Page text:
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My Choices: (LF) Cleon Jones (CF) Mookie Wilson (RF) Rusty Staub
Other nominees: (LF) George Foster, Kevin McReynolds, Cliff Floyd
(CF) Len Dykstra, Tommie Agee
(RF) Ron Swoboda, Bobby Bonilla
(LF) For the left field selection, choosing anybody else but Jones would have been akin to saying that Ringo Starr was the greatest Beatle of all time. Jones not only caught the final out of the World Series, but he was also one of the best players in the 1960's and 1970's.
George Foster was great before he came to the Mets, but he couldn't replicate his power stroke from Cincinnati and lost relevancy.
Kevin McReynolds may have played five years with the Mets, but the one thing that I'll remember him most for is the fact that he was traded for another promising young left fielder named Kevin Mitchell.
Cliff Floyd may have been one of the better hitters for the Mets in the Duquette/early Minaya era, but other than that, he was injury prone and was certainly past his years of relevancy in Florida.
(CF) Carlos Beltran? Over Mookie Wilson, Lenny Dykstra, AND Tommie Agee? Did Howie Rose lose his mind when he made this pick?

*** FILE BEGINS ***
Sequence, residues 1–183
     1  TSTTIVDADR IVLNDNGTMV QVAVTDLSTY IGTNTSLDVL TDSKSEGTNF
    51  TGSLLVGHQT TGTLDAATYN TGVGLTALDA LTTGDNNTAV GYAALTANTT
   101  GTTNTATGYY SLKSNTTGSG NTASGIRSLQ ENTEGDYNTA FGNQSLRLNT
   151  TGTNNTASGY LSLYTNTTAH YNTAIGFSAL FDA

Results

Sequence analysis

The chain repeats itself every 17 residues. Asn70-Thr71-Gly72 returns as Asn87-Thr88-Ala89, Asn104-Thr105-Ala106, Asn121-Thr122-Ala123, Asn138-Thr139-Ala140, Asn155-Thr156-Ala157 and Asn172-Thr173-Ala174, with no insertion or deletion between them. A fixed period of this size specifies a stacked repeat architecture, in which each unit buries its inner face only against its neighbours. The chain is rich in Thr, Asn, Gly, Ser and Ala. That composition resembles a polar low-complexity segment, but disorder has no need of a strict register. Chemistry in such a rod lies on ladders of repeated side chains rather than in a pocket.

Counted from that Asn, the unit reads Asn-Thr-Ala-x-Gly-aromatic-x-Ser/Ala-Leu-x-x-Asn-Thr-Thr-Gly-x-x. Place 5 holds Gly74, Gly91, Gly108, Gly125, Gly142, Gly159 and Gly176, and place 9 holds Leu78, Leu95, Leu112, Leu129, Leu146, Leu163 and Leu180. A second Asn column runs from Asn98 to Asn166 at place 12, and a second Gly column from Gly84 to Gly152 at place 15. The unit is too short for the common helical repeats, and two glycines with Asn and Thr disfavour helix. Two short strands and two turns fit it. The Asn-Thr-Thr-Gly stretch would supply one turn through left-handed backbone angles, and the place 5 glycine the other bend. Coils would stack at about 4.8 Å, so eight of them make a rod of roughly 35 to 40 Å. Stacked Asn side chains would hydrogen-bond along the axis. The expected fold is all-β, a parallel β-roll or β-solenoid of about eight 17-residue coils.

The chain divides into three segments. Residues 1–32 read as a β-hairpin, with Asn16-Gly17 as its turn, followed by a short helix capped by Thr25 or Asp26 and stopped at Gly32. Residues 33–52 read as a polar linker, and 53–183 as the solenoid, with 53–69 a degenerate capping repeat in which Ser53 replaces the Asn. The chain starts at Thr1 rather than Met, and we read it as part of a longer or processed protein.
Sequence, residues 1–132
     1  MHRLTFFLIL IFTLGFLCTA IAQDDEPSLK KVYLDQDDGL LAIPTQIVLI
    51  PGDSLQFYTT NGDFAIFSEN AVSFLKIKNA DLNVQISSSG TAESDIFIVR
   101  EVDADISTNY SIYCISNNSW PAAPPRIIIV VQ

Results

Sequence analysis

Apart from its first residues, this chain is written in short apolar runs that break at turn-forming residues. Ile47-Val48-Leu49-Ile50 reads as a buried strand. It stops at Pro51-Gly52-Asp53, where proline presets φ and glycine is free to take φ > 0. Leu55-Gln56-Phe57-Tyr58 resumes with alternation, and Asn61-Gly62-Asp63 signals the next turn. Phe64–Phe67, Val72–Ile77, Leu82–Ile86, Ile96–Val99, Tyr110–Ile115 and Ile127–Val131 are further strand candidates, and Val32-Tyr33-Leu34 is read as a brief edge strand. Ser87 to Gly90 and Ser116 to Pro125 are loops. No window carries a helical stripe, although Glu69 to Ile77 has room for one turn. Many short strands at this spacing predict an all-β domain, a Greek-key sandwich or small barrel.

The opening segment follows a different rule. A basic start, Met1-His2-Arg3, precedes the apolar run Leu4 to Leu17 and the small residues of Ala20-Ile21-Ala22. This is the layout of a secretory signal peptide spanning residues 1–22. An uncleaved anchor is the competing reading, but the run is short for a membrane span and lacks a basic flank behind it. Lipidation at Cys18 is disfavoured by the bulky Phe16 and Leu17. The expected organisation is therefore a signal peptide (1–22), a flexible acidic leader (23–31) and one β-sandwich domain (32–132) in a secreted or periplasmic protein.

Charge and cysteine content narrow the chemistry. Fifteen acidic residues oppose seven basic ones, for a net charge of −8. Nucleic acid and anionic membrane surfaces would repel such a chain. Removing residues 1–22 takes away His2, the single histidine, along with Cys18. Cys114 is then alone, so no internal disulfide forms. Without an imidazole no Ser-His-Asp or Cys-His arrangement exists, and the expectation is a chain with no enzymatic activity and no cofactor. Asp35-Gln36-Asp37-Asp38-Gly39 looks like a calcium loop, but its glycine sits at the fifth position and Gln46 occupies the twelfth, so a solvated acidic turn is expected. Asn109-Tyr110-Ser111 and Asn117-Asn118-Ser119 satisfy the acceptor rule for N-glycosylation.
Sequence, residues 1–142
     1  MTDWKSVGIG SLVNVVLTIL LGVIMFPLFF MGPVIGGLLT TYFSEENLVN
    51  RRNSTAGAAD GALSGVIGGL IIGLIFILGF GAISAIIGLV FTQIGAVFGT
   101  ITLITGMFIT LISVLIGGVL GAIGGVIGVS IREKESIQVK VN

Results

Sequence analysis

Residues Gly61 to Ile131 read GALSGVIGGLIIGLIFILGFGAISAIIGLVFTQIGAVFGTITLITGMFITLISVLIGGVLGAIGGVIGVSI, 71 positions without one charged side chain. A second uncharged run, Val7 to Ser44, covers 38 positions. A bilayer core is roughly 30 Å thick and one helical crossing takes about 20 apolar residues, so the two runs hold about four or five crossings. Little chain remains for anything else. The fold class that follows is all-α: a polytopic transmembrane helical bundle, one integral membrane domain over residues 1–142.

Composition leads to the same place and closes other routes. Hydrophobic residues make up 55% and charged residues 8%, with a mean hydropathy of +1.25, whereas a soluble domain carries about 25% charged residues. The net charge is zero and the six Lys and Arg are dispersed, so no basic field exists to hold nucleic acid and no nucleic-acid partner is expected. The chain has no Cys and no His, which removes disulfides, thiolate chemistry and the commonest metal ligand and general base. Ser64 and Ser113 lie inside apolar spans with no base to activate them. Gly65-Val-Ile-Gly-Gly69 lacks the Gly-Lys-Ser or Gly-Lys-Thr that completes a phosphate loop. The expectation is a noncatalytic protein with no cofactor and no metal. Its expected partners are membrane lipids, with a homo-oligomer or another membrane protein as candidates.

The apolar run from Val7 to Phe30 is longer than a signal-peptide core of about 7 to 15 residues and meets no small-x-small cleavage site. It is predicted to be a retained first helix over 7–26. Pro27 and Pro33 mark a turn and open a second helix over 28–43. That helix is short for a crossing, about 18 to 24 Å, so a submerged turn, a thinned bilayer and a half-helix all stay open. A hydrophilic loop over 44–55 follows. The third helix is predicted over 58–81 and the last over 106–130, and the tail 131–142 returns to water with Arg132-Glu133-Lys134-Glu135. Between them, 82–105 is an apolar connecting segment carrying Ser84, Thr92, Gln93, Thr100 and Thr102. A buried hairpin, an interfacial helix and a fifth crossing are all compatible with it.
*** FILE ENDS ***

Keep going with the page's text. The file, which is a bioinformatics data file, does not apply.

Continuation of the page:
You have the guy who turned the tide in the 1986 World Series with the Buckner Ball, one of his teammates, and the guy who made two fantastic catches in the 1969 World Series and you choose a guy who had three good years with the team, but never truly lived up to expectations? Come on, man.
Beltran may joint hold the single season Mets home run record with 41 home runs, but when you have such accomplished players like Wilson, Dykstra, and Agee, you have to look longer and harder at this and think beyond the stats.
(RF) Part of the reason why I chose Staub over Strawberry was the fact that he played through his pain in the 1973 World Series. Staub also was one of the premier hitters of the 1970's who provided the offensive spark needed for the Mets to make it to the playoffs in 1973. Staub had heart and his loyalty has been with the Mets, despite the fact that he started out as an Astro, had his number retired in Montreal, and had a pit stop in Detroit.
I never really saw Strawberry as more than just a hitter. Sure, he was a first overall draft pick, and sure, he was also an All-Star. But to be totally honest, his latter years with the Mets really put me off. This is considering how he suffered an alcohol problem, left his team when they needed him most and later regretted it, and until recently, had trouble handling his personal demons. Strawberry may have had the stats, but his emotion was not there.